BAKER’S DE­LIGHT

FOR HIS DI­REC­TO­RIAL DE­BUT, SI­MON BAKER TAKES ON TIM WIN­TON’S BREATH

The Gold Coast Bulletin - Gold Coast Eye - - MOVIES - WORDS: J AV I ERE N CAL AD A

De­spite liv­ing all my life in coastal towns in South America and Aus­tralia, I have never been a lover of the ocean; I never needed to get chest deep in the wa­ter in the mid­dle of win­ter or travel around de­serted beaches look­ing for the per­fect wave to surf.

Over the years I’ve watched many surf movies, but none of them ex­plained this ‘ocean love’ to me – un­til Breath.

Ad­mit­tedly, Breath is way more than just a surf movie. As a quin­tes­sen­tial Aus­tralian story, it’s a com­ing-of-age tale that is framed by the life aquatic – a cor­ner­stone of the Aussie life­style.

Based on Tim Win­ton’s book of the same ti­tle, Breath fol­lows Sando, a former pro surfer in the mid-1970s who de­cides to go out of his way to men­tor two teens who are ob­sessed with surf­ing.

The book was pub­lished in 2008, and won the Miles Franklin Lit­er­ary Award in 2009. Sando is played by Bal­lina ac­tor and The

Men­tal­ist star Si­mon Baker, with Aus­tralian El­iz­a­beth De­bicki as his wife Eva.

Two new­com­ers with zero act­ing ex­pe­ri­ence, young surfers Sam­son Coul­ter and Ben Spence, were cast as the iconic young men. It was a bet that re­ally paid off. The film works on many lev­els but the first one is how true it is to the book, thanks to Win­ton’s in­volve­ment in the pro­ject from its in­cep­tion.

It was an Amer­i­can pro­ducer, not an Aus­tralian, who got the pro­ject go­ing in the first place.

Vet­eran Hol­ly­wood pro­ducer Mark John­son ( Rain Man, The Notebook, the Nar­nia tril­ogy) se­cured the rights to the book from Win­ton, and then en­gaged Baker and Aus­tralian pro­ducer Jamie Hil­ton to be part of the pro­ject.

Young ac­tors Spence and Coul­ter are both so good. They’re pos­si­bly play­ing them­selves, but they of­fer in­sights of com­edy, drama and emo­tion that out-stage Baker as the driv­ing force of the film.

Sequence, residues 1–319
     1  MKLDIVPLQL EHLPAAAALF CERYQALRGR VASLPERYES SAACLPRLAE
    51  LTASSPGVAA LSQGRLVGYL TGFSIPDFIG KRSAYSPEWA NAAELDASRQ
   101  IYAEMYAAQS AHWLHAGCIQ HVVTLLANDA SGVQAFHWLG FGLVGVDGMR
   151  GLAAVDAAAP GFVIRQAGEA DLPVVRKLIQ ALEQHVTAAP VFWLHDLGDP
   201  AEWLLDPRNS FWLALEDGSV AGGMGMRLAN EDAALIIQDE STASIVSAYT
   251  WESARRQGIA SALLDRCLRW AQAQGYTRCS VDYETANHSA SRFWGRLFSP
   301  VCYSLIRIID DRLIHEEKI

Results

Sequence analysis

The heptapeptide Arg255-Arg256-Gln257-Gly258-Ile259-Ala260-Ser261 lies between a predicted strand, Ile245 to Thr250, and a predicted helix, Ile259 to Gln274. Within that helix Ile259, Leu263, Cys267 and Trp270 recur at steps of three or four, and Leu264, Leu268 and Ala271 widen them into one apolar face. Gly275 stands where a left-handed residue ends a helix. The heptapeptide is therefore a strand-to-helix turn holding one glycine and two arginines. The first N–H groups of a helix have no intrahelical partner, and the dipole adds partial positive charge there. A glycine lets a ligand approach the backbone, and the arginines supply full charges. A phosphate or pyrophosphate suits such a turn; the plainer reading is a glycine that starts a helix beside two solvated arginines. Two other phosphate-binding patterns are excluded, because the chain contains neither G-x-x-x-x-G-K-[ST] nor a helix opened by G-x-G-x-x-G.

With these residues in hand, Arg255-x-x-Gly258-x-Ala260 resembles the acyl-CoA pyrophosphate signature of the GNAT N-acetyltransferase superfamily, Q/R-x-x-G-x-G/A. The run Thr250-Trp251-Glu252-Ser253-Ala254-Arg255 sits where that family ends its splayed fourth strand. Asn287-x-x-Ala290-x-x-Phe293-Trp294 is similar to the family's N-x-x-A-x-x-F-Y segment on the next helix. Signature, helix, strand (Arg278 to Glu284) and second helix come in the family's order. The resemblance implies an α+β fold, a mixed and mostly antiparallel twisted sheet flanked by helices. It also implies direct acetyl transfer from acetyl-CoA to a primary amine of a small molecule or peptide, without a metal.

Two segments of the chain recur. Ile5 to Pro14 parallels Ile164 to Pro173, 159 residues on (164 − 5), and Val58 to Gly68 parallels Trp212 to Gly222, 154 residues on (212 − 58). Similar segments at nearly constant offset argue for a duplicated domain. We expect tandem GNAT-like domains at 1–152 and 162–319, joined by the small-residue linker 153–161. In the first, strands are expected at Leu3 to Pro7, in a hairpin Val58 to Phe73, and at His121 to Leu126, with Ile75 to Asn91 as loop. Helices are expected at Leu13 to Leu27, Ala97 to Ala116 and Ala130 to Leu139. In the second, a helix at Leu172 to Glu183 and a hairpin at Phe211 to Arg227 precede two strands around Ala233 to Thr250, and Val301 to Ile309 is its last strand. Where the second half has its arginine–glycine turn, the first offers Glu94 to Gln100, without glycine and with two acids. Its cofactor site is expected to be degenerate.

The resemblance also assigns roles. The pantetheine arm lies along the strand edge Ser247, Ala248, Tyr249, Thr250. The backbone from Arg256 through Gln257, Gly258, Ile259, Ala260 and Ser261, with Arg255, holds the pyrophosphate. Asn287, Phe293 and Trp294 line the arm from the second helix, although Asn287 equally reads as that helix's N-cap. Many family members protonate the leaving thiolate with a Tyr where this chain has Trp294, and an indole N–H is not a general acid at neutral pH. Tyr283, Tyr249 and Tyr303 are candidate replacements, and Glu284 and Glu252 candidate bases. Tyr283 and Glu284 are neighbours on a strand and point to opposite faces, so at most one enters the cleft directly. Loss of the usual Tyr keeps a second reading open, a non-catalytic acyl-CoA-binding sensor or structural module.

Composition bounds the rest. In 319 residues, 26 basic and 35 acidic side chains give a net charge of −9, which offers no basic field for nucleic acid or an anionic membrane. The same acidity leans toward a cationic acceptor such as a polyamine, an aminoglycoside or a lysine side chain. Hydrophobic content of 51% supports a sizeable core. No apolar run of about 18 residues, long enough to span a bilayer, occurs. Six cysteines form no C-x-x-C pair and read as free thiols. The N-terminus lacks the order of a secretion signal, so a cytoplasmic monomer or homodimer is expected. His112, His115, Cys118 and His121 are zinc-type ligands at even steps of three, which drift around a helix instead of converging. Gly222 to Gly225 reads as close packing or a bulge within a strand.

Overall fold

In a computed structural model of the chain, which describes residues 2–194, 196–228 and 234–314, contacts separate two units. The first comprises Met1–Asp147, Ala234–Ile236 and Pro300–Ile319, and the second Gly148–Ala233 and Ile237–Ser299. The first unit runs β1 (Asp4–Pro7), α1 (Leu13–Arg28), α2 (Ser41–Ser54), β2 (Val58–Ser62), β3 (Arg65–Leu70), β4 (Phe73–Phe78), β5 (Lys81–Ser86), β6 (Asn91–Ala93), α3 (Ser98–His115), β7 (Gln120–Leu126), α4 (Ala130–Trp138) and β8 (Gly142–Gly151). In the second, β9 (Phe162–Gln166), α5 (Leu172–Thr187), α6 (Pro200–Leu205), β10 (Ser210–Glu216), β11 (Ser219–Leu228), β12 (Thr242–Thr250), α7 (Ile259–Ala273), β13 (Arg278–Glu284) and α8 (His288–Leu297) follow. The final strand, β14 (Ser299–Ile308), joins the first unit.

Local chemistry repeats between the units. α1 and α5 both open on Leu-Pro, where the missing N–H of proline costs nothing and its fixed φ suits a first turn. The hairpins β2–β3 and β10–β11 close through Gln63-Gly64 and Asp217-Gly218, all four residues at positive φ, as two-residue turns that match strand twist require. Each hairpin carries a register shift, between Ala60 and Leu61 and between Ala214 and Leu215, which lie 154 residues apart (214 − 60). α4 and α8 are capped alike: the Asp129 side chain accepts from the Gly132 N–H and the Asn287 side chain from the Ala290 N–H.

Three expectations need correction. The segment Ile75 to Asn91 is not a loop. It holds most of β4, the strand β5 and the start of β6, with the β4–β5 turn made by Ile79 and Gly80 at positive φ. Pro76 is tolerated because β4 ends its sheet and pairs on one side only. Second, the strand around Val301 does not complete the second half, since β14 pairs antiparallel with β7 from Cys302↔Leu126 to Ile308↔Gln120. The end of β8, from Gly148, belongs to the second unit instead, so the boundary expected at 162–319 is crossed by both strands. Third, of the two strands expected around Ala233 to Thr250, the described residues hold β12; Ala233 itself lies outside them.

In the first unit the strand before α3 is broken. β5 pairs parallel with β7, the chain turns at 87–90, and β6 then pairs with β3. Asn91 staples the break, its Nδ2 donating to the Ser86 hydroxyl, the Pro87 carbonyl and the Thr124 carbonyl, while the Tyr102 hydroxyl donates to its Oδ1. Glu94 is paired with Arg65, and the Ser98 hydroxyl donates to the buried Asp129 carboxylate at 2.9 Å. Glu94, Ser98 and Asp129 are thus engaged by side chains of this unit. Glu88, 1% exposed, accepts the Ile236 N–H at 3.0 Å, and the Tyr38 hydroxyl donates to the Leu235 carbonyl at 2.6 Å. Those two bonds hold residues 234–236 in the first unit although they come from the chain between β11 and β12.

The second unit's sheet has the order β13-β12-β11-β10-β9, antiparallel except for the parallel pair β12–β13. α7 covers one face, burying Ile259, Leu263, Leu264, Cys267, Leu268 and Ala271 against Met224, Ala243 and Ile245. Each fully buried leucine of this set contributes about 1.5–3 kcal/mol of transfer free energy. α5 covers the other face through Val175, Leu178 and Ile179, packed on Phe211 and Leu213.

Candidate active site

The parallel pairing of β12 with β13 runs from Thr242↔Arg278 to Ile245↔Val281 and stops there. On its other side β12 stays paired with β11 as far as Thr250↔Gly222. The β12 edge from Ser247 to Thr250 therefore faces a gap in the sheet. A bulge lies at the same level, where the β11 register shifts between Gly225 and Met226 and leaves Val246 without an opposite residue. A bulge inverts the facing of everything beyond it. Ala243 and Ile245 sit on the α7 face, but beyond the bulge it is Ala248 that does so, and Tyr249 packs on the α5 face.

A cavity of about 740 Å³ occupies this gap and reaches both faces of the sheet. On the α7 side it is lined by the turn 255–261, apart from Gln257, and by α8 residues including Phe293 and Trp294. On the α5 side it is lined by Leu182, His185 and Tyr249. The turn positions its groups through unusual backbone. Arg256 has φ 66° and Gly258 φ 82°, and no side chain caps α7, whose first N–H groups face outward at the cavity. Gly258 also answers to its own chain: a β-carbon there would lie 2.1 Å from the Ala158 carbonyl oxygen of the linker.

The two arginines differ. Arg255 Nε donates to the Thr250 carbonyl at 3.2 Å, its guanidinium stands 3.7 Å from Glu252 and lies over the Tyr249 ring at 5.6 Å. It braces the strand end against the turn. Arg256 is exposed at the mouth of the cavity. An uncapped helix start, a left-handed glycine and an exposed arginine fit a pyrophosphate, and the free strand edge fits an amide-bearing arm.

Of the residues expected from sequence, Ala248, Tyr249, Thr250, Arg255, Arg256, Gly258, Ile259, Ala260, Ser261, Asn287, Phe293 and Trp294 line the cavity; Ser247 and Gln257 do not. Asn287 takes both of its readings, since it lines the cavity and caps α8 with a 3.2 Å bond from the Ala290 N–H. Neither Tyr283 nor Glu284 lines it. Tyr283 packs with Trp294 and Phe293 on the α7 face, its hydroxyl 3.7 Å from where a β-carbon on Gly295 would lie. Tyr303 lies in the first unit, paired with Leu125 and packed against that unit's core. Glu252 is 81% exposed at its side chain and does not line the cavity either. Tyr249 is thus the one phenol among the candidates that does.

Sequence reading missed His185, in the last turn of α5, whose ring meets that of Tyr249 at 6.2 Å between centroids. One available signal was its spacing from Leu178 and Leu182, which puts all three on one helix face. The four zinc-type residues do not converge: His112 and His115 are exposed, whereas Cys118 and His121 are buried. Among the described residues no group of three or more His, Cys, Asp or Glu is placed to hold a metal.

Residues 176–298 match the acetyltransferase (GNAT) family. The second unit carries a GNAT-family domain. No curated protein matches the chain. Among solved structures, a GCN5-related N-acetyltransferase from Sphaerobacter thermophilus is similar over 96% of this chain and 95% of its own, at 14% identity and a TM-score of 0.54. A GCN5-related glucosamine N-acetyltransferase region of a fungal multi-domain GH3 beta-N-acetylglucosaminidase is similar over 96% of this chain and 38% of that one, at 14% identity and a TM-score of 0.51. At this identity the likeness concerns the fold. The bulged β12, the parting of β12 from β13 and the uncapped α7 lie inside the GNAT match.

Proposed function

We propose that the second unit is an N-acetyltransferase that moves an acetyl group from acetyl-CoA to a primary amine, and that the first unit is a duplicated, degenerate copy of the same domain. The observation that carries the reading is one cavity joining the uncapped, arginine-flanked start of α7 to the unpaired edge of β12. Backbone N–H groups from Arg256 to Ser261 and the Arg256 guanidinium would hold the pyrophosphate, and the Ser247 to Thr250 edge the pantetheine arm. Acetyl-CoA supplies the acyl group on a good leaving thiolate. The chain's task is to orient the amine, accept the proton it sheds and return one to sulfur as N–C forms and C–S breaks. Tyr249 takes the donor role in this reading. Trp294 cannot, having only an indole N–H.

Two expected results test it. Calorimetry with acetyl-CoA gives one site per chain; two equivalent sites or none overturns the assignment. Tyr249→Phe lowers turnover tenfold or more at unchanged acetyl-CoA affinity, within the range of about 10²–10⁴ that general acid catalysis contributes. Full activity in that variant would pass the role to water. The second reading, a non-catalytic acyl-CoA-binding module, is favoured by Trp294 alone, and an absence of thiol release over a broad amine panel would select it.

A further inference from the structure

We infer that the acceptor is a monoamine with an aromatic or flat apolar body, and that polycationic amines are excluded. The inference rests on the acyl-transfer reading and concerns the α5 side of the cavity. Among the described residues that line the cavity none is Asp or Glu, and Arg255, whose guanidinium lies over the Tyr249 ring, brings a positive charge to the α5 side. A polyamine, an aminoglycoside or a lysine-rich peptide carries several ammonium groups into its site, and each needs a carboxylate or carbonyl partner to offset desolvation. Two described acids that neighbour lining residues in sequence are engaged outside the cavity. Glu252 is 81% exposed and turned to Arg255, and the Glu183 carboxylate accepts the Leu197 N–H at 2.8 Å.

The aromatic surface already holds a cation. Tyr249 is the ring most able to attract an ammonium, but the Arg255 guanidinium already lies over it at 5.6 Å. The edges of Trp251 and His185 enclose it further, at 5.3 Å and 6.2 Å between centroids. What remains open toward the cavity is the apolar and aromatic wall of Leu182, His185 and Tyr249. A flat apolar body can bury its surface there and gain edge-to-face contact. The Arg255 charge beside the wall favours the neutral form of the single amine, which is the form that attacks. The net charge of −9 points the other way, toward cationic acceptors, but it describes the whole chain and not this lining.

As Loonie, Spence is a nat­u­ral comedic force that could sparkle into a bright fu­ture for the young surfer.

As Pikelet, Coul­ter is dig­ni­fied, clear and el­e­gant but at the same time awk­ward and un­sure – as a reg­u­lar teenager should be.

Baker is great as Sando in an un­der­stated per­for­mance.

But the star’s real shine this time is not on screen, but be­hind the cam­era. Although he has di­rected episodes of The

Men­tal­ist and The Guardian, this is Baker’s first di­rect­ing job in a fea­ture film. He had to wait for the right time and for

The Men­tal­ist to end, but it was a wise choice.

The surf­ing se­quences are bril­liant, the film’s rhythm works and the story is told with nu­ance and el­e­gance.

Breath made me un­der­stand why peo­ple are so at­tached to the sea, why they re­ally need to be near it, and in it, of­ten.

The com­ing-of-age story, the un­fold­ing of drama and emo­tional up­heavals are of­ten only ex­plained in di­a­logue-free scenes.

Furtive glances and long si­lences, in true Aussie male com­mu­ni­ca­tion style, mark this film.

It works, and it will work not only for Aus­tralian au­di­ences but for movie lovers (and surfers) in­ter­na­tion­ally, be­cause the emo­tions are clearly vis­i­ble, and the story flows well.

Breath is an in­stant Aus­tralian clas­sic done bril­liantly by Baker, the re­luc­tant Hol­ly­wood star turned suc­cess­ful di­rec­tor.

The bet was high but the pay­out should be ex­po­nen­tial.

Breath opens in cin­e­mas May 3.

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